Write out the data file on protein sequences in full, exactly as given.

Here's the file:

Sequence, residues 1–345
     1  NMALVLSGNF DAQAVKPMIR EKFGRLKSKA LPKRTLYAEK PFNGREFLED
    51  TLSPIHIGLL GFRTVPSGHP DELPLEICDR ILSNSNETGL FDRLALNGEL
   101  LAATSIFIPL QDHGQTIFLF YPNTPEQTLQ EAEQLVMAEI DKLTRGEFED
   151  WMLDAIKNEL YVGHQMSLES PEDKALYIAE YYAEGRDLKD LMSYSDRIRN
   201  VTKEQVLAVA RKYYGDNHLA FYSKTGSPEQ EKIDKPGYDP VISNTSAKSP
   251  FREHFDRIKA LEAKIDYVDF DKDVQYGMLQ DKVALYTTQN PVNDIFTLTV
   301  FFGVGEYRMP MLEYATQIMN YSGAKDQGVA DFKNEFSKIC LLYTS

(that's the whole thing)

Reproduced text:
Sequence, residues 1–345
     1  NMALVLSGNF DAQAVKPMIR EKFGRLKSKA LPKRTLYAEK PFNGREFLED
    51  TLSPIHIGLL GFRTVPSGHP DELPLEICDR ILSNSNETGL FDRLALNGEL
   101  LAATSIFIPL QDHGQTIFLF YPNTPEQTLQ EAEQLVMAEI DKLTRGEFED
   151  WMLDAIKNEL YVGHQMSLES PEDKALYIAE YYAEGRDLKD LMSYSDRIRN
   201  VTKEQVLAVA RKYYGDNHLA FYSKTGSPEQ EKIDKPGYDP VISNTSAKSP
   251  FREHFDRIKA LEAKIDYVDF DKDVQYGMLQ DKVALYTTQN PVNDIFTLTV
   301  FFGVGEYRMP MLEYATQIMN YSGAKDQGVA DFKNEFSKIC LLYTS